I understand the preoccupation. We writers are an insecure bunch. When people tell us we’re crap, we tend to believe them, but when they praise our writing, we tend to get suspicious and make excuses for their opinions. (“They don’t really think that, do they? They’re just saying that to be nice. Or maybe they just have no idea what they’re talking about. I mean, last time I checked, this manuscript was pretty lame.”)

This attitude can be especially destructive when we start receiving offers on those “pretty lame” manuscripts. We want to sign with someone who’s going to rip our stories apart, make them swifter, better, stronger, so we might shy away from those who think our manuscripts are already good to go simply because we suspect they’re joking or stupid or both.

But just because an agent thinks our manuscripts are pretty good--or even great--as-is doesn’t make her wrong. She may just be a less editorial agent. And she may know exactly what she’s talking about. Here’s why:

1. I’ve noticed less editorial agents often have more clients, more sales, and more experience than their more editorial counterparts. This doesn’t hold true for everyone, of course. Some agents, no matter how long they’ve been in business, want to work with their clients on fine-tuning their manuscripts, and even some newer agents are better negotiators than editors. But usually, newer agents have more time for everything, including client revisions, so their interest in revising is more of a reflection of where they’re at in their careers than the condition of our manuscripts.

2. Because less editorial agents usually have more experience, their instincts are often right. Amazingly enough, agents who’ve sold a lot of manuscripts tend to know what sells. So we shouldn’t discount their opinions just because we’ve conditioned ourselves to discount anyone who says our writing’s good. We should take those opinions as compliments.

3. Sometimes, revision doesn’t make a manuscript better, just different. Every agent, every editor, and every reader is going to have a different vision for our stories. Some visions are better than others (“Oh, wait, you think I should cut the wizard out of my YA contemporary?”), but some are just different. So editorial agents may have a million and one ideas for tweaking our manuscripts, but that doesn’t mean those ideas are necessarily an improvement over what’s already there.

I really don’t dislike editorial agents; in fact, I suspect that if I were an agent, I’d be an editorial one. And when you’ve got offers on the table, you should always weigh your options rationally and go with your gut. But don’t let whether an agent is more or less editorial hold undue sway. Remember, an agent’s job isn’t really to edit your manuscript--it’s to sell your manuscript to someone who will.

Tuesday, October 16, 2012

The Next Big Thing

Adam Heine tagged me a few weeks ago, so here's my take on "The Next Big Thing." The WIP in question? Clyde!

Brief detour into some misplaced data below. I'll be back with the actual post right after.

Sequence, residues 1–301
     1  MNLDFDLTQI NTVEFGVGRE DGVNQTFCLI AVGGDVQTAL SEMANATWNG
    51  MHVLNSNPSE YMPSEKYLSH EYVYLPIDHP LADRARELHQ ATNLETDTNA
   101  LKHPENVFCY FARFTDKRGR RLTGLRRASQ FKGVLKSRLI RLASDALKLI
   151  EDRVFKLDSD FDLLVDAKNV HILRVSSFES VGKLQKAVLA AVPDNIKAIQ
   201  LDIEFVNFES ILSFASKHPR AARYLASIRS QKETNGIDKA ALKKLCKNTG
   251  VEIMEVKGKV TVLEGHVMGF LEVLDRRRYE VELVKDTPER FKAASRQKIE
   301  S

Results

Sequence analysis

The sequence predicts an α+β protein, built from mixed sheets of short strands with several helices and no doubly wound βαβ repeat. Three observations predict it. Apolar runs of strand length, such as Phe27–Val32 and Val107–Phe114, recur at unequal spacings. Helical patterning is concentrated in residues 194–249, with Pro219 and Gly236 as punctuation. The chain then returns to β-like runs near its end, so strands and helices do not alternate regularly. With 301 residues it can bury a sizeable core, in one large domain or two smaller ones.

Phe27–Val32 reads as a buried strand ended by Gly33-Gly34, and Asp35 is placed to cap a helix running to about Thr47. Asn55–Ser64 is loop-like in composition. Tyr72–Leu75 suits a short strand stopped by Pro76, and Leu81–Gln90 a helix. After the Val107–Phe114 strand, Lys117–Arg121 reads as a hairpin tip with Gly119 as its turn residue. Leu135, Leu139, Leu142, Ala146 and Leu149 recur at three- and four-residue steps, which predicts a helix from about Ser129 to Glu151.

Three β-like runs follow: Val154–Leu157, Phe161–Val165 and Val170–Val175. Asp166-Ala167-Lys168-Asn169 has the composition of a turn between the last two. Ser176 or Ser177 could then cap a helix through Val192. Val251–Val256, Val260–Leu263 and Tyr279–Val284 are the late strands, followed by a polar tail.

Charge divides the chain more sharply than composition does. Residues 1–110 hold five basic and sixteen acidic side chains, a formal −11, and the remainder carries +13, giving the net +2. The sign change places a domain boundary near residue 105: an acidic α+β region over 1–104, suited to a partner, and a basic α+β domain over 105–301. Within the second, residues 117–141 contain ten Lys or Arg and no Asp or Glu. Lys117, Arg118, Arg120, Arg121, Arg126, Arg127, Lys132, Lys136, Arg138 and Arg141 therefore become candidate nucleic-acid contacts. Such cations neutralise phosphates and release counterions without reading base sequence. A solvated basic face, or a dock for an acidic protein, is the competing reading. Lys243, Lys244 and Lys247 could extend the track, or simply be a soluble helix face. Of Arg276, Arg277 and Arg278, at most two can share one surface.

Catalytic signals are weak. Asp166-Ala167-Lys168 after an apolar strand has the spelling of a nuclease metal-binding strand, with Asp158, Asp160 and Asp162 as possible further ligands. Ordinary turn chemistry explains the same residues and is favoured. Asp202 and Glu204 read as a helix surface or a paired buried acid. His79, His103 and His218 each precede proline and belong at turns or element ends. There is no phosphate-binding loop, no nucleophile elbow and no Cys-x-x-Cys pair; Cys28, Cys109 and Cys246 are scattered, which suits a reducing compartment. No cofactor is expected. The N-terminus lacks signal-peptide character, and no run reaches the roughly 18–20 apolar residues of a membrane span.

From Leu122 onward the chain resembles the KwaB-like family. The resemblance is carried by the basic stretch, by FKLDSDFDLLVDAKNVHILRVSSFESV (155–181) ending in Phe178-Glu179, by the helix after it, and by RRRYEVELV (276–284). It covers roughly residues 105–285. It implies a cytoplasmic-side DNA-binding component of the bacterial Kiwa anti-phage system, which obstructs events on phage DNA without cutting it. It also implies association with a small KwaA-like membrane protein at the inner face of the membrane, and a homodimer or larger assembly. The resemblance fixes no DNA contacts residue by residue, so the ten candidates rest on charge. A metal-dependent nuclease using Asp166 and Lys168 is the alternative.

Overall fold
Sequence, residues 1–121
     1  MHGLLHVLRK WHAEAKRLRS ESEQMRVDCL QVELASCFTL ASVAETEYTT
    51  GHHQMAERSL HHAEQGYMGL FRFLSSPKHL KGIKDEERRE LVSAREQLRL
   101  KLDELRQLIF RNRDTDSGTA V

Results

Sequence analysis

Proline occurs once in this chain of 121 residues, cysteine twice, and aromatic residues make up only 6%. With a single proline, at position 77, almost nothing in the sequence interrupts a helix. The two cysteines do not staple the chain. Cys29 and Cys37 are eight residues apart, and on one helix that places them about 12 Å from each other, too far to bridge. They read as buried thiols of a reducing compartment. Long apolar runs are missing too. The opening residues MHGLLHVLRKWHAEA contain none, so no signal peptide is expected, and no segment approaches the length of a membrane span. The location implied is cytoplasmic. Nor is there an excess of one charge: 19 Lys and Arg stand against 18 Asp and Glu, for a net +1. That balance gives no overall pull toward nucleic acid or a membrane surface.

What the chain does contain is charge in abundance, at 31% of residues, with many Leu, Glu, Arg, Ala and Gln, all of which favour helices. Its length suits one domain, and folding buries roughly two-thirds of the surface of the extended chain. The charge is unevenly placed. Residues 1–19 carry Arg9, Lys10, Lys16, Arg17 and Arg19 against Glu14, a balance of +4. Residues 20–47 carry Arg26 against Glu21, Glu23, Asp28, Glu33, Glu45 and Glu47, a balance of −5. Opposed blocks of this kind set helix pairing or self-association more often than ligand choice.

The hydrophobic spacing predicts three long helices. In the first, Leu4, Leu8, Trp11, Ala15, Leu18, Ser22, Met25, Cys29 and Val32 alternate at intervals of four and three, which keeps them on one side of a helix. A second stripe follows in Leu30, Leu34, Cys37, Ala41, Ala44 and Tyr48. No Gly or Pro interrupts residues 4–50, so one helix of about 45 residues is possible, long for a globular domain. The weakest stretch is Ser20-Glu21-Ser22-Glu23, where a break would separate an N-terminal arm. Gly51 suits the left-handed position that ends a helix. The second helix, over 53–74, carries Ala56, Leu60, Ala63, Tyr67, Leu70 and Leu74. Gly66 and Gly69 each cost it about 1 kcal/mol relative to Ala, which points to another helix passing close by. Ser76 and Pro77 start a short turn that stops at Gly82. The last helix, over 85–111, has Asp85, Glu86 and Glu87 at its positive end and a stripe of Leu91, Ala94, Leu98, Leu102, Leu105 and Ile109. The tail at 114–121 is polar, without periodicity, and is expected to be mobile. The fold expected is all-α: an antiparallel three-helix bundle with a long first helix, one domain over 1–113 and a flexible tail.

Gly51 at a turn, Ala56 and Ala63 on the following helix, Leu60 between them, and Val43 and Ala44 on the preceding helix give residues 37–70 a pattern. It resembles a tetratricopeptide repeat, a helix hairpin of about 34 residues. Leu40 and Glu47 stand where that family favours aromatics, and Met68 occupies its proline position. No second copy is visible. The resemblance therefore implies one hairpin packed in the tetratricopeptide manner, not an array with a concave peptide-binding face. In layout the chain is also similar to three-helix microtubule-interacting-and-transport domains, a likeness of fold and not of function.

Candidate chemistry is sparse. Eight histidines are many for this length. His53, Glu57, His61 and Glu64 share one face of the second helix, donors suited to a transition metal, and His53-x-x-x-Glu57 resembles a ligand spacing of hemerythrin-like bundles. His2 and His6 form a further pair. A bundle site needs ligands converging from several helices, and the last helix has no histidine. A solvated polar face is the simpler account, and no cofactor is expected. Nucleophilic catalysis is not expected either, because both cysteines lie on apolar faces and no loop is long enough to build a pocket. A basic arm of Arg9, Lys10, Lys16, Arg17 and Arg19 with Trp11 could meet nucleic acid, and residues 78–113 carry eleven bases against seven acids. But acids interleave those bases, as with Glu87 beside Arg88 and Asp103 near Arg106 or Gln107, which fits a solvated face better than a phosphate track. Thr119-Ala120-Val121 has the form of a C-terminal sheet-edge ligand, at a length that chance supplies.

What is your working title of your book?

This would be the first question, wouldn't it? See below*

Where did the idea come from for the book?

Last spring, Sarah LaPolla tweeted about how she'd love to see a contemporary retelling of a biblical story. (Or maybe it was any kind of retelling of a biblical story, so long as it didn't have religious elements.) I'd been mulling over the idea of writing about a middle school election, and when she mentioned the biblical element, something just clicked. Middle school election. David and Goliath. Done.

What genre does your book fall under?

MG contemporary.

Which actors would you choose to play your characters in a movie rendition?

Couldn't say, since the kids who'd act in a future movie rendition would be, like, six right now. But if we suspend age requirements for a moment, I could totally see Elle Fanning as Grizelda, the Goliath character in my manuscript.

What is the one-sentence synopsis of your book?

I'm feeling a little lazy, so I'll stick with the boring, "It's a contemporary MG retelling of David and Goliath." :)

Will your book be self-published or represented by an agency?

Represented by an agency (assuming Kate thinks the manuscript is solid enough). I really don't think self-publishing is a viable option in the MG market. I think a self-published author would have a tough time reaching MG readers, and it's really hard to fake a professional-looking MG cover, since they're often illustrated.

How long did it take you to write the first draft of your manuscript?

About two months, although it would have been a bit faster if I hadn't been managing this little contest called "The Writer's Voice" while I was writing the first draft:)

What other books would you compare this story to within your genre?

Several of my critique partners have thought the tone reminds them of Jeff Kinney's Diary of a Wimpy Kid series, but I haven't read any of those yet, so I couldn't say for sure. *dodges tomato*

Who or what inspired you to write this book?